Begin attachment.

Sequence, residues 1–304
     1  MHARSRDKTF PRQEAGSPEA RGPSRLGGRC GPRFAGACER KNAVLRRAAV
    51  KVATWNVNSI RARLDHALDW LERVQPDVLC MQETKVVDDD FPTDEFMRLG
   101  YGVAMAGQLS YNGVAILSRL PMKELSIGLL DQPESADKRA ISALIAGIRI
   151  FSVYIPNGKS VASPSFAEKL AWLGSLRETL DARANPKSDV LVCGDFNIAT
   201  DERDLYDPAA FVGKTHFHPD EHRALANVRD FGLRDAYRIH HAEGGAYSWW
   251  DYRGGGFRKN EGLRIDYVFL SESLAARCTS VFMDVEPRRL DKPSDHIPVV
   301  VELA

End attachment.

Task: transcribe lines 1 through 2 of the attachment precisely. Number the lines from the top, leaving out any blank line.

Sequence, residues 1–304
     1  MHARSRDKTF PRQEAGSPEA RGPSRLGGRC GPRFAGACER KNAVLRRAAV